Elders often tell their adult kids to shoot them rather than send them off to the nursing home. We may not be disposing of our parents, but we are killing the nursing homes, at least as we know them. In not too many years, long-term care nursing home beds may be as rare as Republicans in Massachusetts.
Many may cheer at this news. But the need for the intensive level of care provided by skilled nursing facilities isn’t going away. As hospitals discharge patients “quicker and sicker,” many need a level of assistance they cannot receive at home. As medical technology keeps people with horrific injuries and severe illness alive for years, they will need careful monitoring and drug treatments that are beyond the abilities of most family caregivers or part-time paid aides. So where will they get this care?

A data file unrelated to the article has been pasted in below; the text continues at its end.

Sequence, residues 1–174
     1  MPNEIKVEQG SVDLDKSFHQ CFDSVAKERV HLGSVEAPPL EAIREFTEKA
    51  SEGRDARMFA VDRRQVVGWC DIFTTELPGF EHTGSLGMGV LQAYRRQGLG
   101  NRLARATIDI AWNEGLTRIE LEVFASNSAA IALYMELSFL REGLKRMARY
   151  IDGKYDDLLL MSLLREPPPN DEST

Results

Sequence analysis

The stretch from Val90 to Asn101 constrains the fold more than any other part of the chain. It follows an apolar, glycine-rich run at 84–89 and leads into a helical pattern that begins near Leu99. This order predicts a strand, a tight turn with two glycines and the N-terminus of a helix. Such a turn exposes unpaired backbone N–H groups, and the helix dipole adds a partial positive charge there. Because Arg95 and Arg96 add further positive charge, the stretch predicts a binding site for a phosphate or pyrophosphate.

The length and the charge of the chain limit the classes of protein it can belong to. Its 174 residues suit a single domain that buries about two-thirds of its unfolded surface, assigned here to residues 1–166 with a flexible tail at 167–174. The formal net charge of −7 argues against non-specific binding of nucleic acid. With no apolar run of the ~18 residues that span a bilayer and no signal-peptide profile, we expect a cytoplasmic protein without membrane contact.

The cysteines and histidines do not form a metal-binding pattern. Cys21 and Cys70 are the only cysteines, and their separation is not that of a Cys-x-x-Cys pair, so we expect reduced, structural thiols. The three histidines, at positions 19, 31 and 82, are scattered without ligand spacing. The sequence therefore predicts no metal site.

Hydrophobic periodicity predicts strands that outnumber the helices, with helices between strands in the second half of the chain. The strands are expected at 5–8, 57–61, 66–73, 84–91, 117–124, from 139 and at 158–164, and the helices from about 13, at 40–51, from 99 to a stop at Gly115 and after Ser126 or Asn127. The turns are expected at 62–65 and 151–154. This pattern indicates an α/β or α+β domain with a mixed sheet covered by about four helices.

The trend away from nursing homes is already clear. The number of facilities has fallen by nearly 1,000 to about 15,700 since 2000. More than 80,000 beds have been shuttered over those nine years. And the number of Medicaid-only beds—those certified for long-term care stays-- has plunged by half since 1995, to about 114,000.
All this is happening even as the population of those 75 and older—those most likely to need long-term services—has grown from 16.6 million to almost 19 million.
Why the change? In part, it is because Medicaid is gradually providing more long-term care at home, although the pace of change remains slow.
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The Death of Nursing Homes